Study highlights role of duplicated genes in reproduction

New genes that improve crop yields are a dream come true for plant geneticistsbut Cold Spring Harbor lab professor and HHMI investigator Zachary Lippman warns that a single gene might not cut it for every crop.

Research reported in natural plants and led by Lipman, former postdoc Cao Xu (now at the Chinese Academy of Sciences in Beijing) and his colleagues found that closely related genes in the genome play a major role in the efficiency of duplicated genes.

Gene duplications are found in many plants and support the original gene as “backup copies”.

Gene duplication has been successful in improving crops in the past. In fact, “recent whole-genome duplications that have occurred in the lines of several domesticated crop species, including wheat (Triticum aestivum), cotton (Gossypium hirsutum), and soybean (Glycine max), have contributed to important agronomic traits, such as grain. quality, fruit shape and flowering time,” said a topical exam by the Genetics Program and Department of Plant Biology at Michigan State University.

Therefore, Lippman and his team were surprised to find that one gene is not enough to predict the outcome of predicted changes, a Cold Spring Harbor Laboratory said. Press release.

“The lack of predictability in the context of a duplicate gene must really be a revelation for crop improvement design,” Lippman explained, according to the press release.

The Lippman study

The study focused on the gene clv3. This gene makes a protein that limits the growth of maturing plant tissues.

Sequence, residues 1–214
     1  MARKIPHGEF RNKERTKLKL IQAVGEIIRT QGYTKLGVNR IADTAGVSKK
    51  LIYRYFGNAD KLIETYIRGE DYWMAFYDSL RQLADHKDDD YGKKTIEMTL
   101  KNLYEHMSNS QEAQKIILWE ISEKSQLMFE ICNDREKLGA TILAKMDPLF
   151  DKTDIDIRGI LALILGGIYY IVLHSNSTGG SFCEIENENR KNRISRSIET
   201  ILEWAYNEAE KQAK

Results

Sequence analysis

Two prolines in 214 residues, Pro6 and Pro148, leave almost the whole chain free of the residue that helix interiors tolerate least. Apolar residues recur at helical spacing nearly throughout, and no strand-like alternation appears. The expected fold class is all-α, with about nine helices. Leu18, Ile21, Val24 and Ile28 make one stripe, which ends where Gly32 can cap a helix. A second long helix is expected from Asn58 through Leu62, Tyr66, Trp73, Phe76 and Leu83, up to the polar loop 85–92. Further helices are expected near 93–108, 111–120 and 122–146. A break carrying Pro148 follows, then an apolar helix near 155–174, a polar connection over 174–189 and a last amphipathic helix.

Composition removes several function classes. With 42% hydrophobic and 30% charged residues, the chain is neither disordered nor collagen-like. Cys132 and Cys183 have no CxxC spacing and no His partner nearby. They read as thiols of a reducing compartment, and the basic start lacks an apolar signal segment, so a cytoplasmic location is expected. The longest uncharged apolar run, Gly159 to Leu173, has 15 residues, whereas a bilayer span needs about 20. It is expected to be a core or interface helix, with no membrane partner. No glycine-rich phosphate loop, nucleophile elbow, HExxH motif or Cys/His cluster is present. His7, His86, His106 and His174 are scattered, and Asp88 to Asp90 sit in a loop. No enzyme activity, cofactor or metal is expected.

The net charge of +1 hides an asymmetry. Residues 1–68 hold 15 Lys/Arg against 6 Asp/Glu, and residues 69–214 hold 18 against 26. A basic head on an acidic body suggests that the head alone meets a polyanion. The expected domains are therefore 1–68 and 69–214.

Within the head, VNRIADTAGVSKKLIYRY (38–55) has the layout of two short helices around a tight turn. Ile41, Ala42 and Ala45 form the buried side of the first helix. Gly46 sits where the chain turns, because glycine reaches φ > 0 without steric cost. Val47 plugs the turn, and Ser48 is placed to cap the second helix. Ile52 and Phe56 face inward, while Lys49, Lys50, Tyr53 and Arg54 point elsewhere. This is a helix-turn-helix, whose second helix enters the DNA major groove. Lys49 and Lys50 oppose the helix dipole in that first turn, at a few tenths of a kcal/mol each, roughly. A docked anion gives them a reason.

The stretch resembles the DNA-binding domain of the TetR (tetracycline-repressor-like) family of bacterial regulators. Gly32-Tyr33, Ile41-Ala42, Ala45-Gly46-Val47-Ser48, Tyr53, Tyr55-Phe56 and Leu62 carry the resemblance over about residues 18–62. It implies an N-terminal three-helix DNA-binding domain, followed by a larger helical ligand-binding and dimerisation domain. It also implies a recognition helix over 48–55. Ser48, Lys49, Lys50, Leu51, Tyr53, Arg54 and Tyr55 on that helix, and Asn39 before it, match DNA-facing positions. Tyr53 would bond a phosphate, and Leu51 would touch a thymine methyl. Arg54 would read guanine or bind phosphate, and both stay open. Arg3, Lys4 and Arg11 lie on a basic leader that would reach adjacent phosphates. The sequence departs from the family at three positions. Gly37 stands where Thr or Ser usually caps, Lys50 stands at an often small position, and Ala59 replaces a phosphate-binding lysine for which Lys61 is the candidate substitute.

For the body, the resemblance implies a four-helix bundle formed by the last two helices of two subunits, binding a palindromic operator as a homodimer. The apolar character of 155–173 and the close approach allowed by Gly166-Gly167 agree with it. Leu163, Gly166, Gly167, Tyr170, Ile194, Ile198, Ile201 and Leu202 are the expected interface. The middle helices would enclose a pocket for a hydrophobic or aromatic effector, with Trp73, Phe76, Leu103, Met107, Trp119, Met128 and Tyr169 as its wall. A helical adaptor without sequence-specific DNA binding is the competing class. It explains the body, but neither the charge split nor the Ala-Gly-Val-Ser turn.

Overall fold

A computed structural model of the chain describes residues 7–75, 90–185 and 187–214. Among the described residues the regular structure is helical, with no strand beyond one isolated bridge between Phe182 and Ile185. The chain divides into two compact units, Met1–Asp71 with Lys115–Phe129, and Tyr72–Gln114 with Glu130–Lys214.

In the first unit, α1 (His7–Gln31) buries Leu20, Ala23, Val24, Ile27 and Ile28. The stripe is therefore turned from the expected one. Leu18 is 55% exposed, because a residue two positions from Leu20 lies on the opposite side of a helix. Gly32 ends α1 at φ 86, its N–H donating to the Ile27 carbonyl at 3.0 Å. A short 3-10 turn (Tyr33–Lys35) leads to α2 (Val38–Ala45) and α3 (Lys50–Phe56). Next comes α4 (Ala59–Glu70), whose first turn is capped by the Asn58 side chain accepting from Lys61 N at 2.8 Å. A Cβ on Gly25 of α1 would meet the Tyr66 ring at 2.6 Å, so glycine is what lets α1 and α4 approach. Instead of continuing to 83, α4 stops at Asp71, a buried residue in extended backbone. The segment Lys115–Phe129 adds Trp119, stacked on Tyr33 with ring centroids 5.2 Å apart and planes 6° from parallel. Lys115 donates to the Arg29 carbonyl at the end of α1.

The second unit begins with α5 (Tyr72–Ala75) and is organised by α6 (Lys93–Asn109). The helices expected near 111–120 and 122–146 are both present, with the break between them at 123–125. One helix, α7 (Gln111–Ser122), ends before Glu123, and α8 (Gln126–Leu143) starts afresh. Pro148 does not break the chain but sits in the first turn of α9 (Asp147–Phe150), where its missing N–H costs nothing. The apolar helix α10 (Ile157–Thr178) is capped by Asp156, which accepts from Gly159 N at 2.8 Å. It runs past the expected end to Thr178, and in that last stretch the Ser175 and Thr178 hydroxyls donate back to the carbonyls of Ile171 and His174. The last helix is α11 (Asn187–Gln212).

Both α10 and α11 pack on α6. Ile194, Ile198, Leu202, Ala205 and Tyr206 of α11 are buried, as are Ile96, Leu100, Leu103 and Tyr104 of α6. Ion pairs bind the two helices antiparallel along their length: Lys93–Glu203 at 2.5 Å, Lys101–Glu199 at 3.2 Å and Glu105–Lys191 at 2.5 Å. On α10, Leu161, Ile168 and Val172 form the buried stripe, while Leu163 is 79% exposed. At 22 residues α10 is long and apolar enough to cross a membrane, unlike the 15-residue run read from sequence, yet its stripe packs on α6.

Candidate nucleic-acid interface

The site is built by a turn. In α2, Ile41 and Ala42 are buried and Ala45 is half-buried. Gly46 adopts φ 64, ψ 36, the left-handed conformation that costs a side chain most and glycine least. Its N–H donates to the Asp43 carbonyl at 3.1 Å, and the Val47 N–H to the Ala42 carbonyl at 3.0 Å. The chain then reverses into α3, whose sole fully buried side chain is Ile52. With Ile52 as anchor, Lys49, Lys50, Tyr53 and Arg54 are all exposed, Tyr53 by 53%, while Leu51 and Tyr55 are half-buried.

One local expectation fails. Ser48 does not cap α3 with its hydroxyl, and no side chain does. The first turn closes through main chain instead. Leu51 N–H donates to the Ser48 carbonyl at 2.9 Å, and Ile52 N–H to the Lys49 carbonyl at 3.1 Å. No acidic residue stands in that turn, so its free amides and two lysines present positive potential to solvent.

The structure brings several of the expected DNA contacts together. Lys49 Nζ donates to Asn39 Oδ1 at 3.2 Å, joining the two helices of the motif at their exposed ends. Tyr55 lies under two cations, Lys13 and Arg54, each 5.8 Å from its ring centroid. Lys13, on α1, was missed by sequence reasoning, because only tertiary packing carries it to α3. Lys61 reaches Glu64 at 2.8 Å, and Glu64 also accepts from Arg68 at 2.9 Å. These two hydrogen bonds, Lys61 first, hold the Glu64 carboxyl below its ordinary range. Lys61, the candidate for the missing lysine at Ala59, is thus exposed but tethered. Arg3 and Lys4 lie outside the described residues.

Previous research has proven mutations in clv3 can lead to higher yields in houseplants. Take tomatoes for example. When introduced to mutations, larger fruits with more seed sections were produced.

The researchers introduced equivalent mutations into the clv3 gene in tomato, tobacco, ground cherry and petunia plants, all members of the Solanaceae family. Lippman and his team expected similar results, but were surprised by what they found.

In tobacco, the mutation resulted in dramatic effects with the doubling of certain growth regions, “due to the loss by the plant of the clv3 rescue gene,” the press release read. Tomato saw more moderate effects.

Mutated clv3 had little effect on ground cherry and petunia. “Both factories had clv3-like genes that compensated for the changes the researchers made to the clv3 gene,” Cold Spring Harbor Laboratory explained in the release.

Based on his findings, Lippman believes that inventorying duplicate genes could be key to optimizing crops through genome editing.

“Crop developers need to understand how important genes have been duplicated, deleted and modified during evolution. This allows scientists to develop more predictable crop improvements,” Lippman concluded.

Learn more about genome editing:

JR Simplot Company and Plant Sciences Inc. Collaborate on Strawberry Gene Editing

Bioheuris partners with GDM to develop a soybean crop management system using gene editing

Origin Agritech Ltd used gene editing technology to create new maize traits

Why gene editing is a solution to climate change